Thus, if a technology project promises to achieve an extrinsically pre-defined social impact, it has a higher chance to gain funding. It seems that the researched Kenyan start-ups and their ideas are not treated as potentially self-reliant small businesses, but as possible success stories about technological impact in Kenya. The effects of being dependent on the values and visions of financial investors are manifold: a developer is not ‘allowed’ (or financed) to develop tech without a certain social impact, and the supported start-ups and their products are used as successful stories to tell[8].

Nevertheless, business life requires the technological makers to get their projects funded. Thus, they developed several strategies to cope with the requirements and tech-deterministic visions prevalent in their context. An interlocutor who constantly seeks funds for research projects around tech explained the strategy of using “different languages”, depending on what the potential money funders would like to hear – even if that means promising to change the world in a tech-deterministic way. Further, she said that handling the various worldviews of funders “calls for patience sometimes, because you are going to deal with a lot of Eurocentric perspectives, you are going to deal with people who are still navigating the idea of Africa, the poor Africa, the lacking Africa, this Africa not rising for all” (tech expert and researcher, interview, 2015). Some entrepreneurs I spoke with use a more direct way of handling problematic worldviews. The founder of a hardware company (interview, 2017) called it “push back” and explained their start-up ideology:

Yeah, our business is helping access to energy. It’s potentially helping to reduce a lot of emissions, potentially helping people with health problems, but we never sort of lead with the impact. We look more at treating our customers like customers first. Rather than cases that we need to help. […] We do a push back when someone says “I want you to measure how long someone saved walking for fuel and impact on xyz”. Sometimes, we say, “Rather than measuring impact, let’s talk about what you, funder, cook with at home. Do you cook with a cook stove with charcoal? Do you have a solar stove? No.”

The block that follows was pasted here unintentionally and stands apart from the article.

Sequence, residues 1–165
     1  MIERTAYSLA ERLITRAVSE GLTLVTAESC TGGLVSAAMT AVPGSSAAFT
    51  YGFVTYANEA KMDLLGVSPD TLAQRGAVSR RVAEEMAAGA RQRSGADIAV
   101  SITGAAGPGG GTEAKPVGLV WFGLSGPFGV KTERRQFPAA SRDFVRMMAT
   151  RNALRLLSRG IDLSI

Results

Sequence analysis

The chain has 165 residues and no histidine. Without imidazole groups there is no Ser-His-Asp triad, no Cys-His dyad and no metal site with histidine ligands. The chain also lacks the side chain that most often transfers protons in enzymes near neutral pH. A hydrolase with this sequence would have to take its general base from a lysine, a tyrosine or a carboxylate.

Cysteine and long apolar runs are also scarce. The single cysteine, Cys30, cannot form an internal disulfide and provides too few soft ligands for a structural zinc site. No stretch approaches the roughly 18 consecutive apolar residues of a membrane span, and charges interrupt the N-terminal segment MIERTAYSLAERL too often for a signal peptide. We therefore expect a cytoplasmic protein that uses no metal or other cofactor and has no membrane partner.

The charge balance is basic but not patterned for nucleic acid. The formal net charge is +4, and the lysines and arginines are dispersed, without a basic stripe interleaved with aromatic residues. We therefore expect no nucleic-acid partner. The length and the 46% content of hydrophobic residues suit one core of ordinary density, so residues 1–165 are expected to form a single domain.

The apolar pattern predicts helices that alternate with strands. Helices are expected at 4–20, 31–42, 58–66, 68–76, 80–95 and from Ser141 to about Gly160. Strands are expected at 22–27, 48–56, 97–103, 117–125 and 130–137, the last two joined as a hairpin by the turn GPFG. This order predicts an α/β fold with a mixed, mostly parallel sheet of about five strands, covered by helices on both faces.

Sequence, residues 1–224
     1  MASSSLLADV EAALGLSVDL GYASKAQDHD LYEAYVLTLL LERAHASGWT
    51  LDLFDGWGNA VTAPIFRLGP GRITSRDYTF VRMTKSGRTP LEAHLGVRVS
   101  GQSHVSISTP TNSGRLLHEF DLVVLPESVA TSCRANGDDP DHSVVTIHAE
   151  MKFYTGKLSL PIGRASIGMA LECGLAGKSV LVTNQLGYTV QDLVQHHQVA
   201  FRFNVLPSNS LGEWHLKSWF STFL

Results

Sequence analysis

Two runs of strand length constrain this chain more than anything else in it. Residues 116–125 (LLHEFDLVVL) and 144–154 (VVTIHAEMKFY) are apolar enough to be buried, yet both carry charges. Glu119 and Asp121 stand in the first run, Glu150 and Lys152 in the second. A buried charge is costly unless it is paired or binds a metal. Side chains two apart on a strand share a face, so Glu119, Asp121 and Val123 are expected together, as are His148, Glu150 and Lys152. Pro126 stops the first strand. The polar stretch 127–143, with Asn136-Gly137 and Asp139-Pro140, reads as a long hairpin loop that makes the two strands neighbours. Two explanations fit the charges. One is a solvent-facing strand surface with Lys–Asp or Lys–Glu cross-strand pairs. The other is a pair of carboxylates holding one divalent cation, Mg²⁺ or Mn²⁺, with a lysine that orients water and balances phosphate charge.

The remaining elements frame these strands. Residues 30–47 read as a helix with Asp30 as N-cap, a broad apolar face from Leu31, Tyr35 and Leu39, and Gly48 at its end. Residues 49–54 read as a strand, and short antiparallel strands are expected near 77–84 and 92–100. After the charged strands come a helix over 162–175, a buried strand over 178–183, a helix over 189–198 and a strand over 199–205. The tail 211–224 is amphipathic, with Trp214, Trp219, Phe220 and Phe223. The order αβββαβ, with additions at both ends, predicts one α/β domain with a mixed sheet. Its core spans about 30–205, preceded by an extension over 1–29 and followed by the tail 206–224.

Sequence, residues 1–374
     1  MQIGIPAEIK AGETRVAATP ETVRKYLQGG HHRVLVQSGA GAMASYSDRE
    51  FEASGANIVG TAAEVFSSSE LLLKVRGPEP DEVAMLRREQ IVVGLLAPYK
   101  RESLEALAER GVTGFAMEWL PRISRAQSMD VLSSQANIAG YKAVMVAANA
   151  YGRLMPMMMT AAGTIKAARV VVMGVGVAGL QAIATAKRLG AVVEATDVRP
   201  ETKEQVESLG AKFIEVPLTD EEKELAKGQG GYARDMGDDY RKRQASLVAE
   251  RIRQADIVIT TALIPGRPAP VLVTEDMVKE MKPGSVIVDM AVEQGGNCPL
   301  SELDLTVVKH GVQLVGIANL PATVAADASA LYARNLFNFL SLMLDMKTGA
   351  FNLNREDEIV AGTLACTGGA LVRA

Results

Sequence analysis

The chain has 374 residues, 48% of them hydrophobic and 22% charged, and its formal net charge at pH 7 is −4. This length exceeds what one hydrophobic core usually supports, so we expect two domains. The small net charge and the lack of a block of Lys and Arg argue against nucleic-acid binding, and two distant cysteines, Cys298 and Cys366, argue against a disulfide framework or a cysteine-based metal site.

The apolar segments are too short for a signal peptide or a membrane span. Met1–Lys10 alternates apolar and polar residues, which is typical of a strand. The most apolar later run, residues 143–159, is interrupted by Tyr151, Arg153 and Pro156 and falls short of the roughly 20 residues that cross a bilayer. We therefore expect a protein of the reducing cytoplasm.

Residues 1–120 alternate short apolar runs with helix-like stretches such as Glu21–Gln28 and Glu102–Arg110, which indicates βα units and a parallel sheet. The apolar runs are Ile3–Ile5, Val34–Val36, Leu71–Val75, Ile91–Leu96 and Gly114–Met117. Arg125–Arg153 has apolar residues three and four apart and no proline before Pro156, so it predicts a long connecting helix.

Another push back would be to “limit the number of funders that can come and visit someone’s home. A lot of funders say ‘I want to visit a customer’” (Ibid.). Despite those coping strategies, tech people are still dependent on getting funds to pursue their work. Thus, being in the midst of such funders’ visions, tech developers have to constantly negotiate between their impulse to criticize the investors’ assumptions of a lagging Kenya and the obligation to talk about societal progress through technology in order to be supported financially. “We try our best to push back as much as possible. But we also have to be sometimes realistic that if there is no other funding and there is a certain narrative required, we do grit our teeth” (Ibid.).